Anti-Aging

6 Easy Doctor-Approved Ways to Reverse Signs of Aging

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To hear some people tell it, gaining weight, feeling exhausted and catching every cold are normal signs of aging. But Frank Lipman, MD, author of The New Rules of Aging Well (Buy on Amazon, $17.59), begs to differ. “All of these problems — losing mental sharpness, looking puffy, feeling lousy — are absolutely not a given: They’re a call to action,” he encourages.

Even if you’ve been under stress or eaten a less-than-healthy diet (hello, holiday season!), it’s easy to repair the damage, he promises. “Once I made a few changes in my lifestyle, I quickly saw results. These days, I’m often mistaken for someone decades younger.” All it takes is a few simple tweaks to have a dramatic impact on how you feel now and for years to come.

Switch up your shoes.

Healthy feet are a must for staying active and pain-free, says Dr. Lipman. And switching up your shoes and the surfaces you walk on regularly is key. “Your feet need to walk in different shoes to stay nimble and healthy,” he asserts. “I recommend having at least three pairs of comfortable shoes and rotating them.” And kick off your shoes when you’re at home. “Walking barefoot engages all sorts of tiny muscles that are constricted by shoes most of the day.”

Sip this brew.

Mushrooms are loaded with compounds that support immunity and energy. That’s why Dr. Lipman suggests sipping chaga mushroom tea daily. “It’s delicious,” he says. “And it’s been shown to prime the immune system and help prevent the onset of Alzheimer’s.” One study also found that chaga revs energy by 35 percent. A brand to try: Buddha Teas Chaga Tea (BuddhaTeas.com).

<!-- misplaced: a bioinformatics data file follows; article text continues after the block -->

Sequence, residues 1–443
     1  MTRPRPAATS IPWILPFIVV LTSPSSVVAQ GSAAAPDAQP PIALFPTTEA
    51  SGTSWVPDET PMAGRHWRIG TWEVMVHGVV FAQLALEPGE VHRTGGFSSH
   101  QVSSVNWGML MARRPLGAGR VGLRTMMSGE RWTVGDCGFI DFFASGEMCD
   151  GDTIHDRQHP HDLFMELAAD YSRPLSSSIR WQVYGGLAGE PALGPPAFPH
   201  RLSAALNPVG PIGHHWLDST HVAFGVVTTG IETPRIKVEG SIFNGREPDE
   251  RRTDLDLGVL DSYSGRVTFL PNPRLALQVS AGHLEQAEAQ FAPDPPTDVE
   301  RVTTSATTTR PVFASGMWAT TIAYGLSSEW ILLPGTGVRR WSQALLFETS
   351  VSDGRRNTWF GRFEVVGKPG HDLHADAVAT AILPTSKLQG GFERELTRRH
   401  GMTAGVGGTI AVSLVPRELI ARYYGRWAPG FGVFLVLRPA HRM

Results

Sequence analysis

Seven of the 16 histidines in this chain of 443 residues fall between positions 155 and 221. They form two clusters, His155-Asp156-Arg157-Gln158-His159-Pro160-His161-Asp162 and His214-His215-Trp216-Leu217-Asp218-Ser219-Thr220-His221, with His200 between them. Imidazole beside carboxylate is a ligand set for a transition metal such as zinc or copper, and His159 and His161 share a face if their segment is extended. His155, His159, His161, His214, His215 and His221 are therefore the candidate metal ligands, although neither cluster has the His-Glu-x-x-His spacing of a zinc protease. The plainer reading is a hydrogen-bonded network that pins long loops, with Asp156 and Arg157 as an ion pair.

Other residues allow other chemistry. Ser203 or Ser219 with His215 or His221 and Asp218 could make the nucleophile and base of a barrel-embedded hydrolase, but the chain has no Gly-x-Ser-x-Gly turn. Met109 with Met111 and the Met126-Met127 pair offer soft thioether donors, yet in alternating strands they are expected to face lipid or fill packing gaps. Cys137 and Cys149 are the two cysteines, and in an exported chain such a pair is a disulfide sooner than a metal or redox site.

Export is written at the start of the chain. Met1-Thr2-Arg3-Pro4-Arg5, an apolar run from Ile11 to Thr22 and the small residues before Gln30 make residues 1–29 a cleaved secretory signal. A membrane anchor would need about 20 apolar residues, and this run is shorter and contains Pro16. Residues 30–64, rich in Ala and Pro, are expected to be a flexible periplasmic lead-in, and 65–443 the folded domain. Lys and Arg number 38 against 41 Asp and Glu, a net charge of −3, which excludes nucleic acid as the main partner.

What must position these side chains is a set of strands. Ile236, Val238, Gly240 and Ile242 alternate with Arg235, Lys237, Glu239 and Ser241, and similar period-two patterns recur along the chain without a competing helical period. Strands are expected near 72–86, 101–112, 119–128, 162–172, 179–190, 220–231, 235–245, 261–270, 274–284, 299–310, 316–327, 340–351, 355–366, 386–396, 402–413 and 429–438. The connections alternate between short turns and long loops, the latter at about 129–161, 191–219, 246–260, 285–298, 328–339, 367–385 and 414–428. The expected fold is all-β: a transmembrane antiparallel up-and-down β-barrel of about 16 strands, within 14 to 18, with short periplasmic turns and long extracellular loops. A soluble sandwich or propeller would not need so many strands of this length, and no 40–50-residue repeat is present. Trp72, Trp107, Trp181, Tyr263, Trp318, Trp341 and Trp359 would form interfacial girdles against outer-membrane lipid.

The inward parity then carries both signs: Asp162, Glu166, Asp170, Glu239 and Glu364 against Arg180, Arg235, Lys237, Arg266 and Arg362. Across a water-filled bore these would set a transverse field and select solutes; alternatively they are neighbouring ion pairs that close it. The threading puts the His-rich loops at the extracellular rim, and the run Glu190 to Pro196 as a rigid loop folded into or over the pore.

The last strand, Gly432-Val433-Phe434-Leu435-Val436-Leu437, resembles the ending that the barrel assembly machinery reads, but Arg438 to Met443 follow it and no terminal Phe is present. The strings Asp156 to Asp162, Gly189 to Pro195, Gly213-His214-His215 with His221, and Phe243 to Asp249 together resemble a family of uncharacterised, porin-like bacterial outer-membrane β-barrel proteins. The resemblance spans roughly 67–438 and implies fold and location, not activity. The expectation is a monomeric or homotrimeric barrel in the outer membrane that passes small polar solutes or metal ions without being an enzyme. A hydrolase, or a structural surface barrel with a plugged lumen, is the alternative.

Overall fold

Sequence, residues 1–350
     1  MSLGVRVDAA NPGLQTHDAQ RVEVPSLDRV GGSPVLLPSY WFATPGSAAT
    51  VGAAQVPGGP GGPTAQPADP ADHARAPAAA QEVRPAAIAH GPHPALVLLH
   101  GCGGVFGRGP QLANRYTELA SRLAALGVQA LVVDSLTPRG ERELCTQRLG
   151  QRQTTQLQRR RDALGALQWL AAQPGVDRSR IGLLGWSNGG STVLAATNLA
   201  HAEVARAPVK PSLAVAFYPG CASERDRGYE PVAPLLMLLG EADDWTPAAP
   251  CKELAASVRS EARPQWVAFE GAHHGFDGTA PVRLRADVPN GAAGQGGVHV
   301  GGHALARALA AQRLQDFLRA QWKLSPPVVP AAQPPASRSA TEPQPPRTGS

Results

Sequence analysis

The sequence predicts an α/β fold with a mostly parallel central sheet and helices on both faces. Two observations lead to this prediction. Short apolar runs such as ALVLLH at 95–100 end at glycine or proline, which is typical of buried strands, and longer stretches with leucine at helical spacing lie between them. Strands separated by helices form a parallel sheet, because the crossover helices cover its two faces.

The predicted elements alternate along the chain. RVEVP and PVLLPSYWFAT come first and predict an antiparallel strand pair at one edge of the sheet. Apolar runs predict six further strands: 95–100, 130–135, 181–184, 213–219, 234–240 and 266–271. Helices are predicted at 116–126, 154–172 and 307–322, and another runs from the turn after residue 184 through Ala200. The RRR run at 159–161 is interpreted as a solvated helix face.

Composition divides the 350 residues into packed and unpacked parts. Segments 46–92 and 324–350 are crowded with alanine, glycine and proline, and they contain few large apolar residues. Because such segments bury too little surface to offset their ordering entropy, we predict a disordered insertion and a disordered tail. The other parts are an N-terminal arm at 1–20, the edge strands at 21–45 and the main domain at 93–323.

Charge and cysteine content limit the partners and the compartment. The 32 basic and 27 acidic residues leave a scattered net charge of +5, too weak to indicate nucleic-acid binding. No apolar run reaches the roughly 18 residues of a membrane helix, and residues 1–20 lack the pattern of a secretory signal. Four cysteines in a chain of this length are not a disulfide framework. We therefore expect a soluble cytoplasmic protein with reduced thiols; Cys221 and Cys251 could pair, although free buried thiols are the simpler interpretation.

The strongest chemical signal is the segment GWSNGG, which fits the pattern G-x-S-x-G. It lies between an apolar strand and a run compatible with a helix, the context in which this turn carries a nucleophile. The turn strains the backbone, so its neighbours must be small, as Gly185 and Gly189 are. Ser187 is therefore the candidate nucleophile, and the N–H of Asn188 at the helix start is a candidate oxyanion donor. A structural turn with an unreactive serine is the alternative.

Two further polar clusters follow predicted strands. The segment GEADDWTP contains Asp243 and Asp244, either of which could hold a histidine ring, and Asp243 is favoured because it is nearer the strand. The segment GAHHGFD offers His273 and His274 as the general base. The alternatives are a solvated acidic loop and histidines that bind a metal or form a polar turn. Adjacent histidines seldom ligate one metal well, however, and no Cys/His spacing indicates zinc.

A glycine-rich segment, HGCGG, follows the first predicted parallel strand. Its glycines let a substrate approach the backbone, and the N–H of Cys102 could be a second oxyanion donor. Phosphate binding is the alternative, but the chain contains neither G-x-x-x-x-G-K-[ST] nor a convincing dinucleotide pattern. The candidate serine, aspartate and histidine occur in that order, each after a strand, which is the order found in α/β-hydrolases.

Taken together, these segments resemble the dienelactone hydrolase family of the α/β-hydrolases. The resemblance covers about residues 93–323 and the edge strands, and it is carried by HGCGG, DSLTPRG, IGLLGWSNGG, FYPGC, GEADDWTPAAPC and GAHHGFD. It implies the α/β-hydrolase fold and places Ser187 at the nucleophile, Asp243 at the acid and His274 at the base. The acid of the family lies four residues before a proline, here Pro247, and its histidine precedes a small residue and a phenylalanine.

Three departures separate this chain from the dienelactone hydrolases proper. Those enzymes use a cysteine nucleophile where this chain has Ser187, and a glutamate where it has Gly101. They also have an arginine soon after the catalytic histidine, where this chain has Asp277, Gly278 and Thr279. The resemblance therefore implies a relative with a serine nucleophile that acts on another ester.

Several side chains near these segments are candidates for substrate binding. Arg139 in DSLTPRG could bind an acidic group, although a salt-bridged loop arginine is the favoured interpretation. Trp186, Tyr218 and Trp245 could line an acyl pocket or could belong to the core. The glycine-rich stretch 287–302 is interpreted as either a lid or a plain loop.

Roll it out.

Massaging muscles with a foam roller improves mobility and reduces pain. “And because it makes the body move more efficiently, rolling can be a first line of defense against knee or hip replacements,” asserts Dr. Lipman. He suggests placing a roller under a sore muscle and slowly rolling up and down over a small area six times while you’re watching TV.

Make a salt swap.

“Unrefined crystal salts, like sea salt, contain minerals the body needs,” says Dr. Lipman, adding that nutrients in these salts aid in metabolism and wound healing. “But recent research found microplastics, which are linked to hormonal problems, in sea salt. That’s why I suggest switching to mountain salt, like pink Himalayan or Redmond salt, which have the same minerals — without the plastic.”

Get chilly.

Ending a warm shower with a blast of cold water can boost energy and help cells age in reverse. “It’s instantly invigorating,” says Dr. Lipman. “And this small stressor activates the body’s internal self-cleaning system, improving cellular repair.” Indeed, studies show a 45-second cold blast boosts energy and focus by 50 percent. The “cool” strategy has also been shown to reduce even chronic pain by 62 percent for hours.

Be actively kind.

“Staying positive can have a profound impact on health,” says Dr. Lipman. In fact, Georgetown researchers found that doing a small kindness each day reduces premature aging by 60 percent. “Make a point of practicing active kindness: Tip your server well, return your shopping cart, hold the door.” Why? Helping others spurs the release of compounds that help the brain, heart and immune system function at peak.

This article originally appeared in our print magazine.

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